The Games Institute acknowledges that we are living and working on the traditional territory of the Attawandaron (also known as Neutral), Anishinaabe and Haudenosaunee peoples. The University of Waterloo is situated on the Haldimand Tract, the land promised to the Six Nations that includes six miles on each side of the Grand River.
Rina Wehbe, Games Institute resident and Computer Science PhD student, attended and mentored at the 2018 Grace Hopper Celebration (GHC) in Houston, Texas. Her travels were sponsored by the Women in Computer Science (WiCS) group at UWaterloo, organized by Joanne Atlee.
GHC is a great opportunity for women in technology. It is the world's largest conference for technical women, providing a variety sessions and talks about information technology from both an industry and an academic perspective. Wehbe says:
GHC was inspiring. There were a ton of career panels [so] you get a sense of whose hiring, you get insight into tech companies that support women in tech, and you also get to network and meet people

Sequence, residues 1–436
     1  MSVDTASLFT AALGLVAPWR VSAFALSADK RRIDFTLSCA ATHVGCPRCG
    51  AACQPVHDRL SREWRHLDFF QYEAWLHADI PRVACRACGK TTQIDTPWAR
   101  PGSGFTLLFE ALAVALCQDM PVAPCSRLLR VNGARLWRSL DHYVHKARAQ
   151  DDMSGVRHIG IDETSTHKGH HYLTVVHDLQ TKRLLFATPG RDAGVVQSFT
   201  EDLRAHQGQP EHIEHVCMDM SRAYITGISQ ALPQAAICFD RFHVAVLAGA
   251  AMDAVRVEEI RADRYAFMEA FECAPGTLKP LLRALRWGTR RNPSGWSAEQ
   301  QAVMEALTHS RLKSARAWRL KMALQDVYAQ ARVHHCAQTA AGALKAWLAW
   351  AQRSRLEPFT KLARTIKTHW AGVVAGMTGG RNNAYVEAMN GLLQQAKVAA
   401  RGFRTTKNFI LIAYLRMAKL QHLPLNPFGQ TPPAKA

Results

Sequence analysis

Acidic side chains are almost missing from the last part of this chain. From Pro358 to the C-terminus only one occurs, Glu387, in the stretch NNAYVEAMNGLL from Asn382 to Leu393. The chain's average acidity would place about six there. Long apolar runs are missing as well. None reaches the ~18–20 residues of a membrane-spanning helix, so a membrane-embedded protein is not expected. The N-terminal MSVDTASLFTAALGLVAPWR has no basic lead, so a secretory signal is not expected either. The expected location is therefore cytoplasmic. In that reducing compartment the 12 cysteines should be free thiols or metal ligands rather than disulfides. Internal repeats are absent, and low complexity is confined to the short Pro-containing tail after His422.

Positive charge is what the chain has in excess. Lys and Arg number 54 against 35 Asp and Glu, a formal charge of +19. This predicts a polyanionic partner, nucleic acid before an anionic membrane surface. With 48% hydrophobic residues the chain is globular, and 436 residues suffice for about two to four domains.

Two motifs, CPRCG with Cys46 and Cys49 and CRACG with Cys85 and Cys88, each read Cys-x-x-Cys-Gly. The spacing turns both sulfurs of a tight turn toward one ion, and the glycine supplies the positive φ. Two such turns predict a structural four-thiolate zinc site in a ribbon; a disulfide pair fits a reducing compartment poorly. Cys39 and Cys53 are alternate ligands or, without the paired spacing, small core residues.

Wehbe was asked to sit as a mentor at the Human-Computer Interaction (HCI) table. Her co-mentors were employees from Microsoft and Google. Wehbe was representing an academic path, whereas her co-mentors represented perspectives on working in industry.
Each guest had 15 minutes to sit with the mentors and ask questions - the experience was appropriately entitled "speed-mentoring". Each chat was driven by the participants questions, for example:
- How do I know if I want to go into industry or academia?
- What do the paths look like?
- What is it like to have a Masters or a PhD?
- How do I go about picking a supervisor or a school?
This type of advice is invaluable to anyone starting out in their career. Wehbe was able to share her unique perspective on what it was like to switch into Computer Science from a social sciences background, since she obtained an Honours BSc in Psychology, Faculty of Health, at YorkU before entering into Computer Science.
Spot Rina Wehbe on the top right in this picture surrounded by a group of fellow mentors:
On Open Source Day, Wehbe had the opportunity to work with a Non-profit company called Oppia. Oppia is an education platform that lets anyone create interactive story-based lessons. Wehbe spent the day collaborating with them on optimization strategies.
Later, Wehbe attended the GHC Twitter party, "You belong in tech". The purpose of the event was to celebrate LGBTQ+ people working and learning in technology. It was another networking opportunity, as well as a momentous and empowering celebration.
Throughout the conference, Wehbe was very active on Twitter. She tweeted a selection of quotes from inspiring women - not only to preserve the memory but also to spread the messages:
Wehbe would like to extend a message of gratitude to the Women in Computer Science group, as well as to Joanne Atlee, for making this experience possible.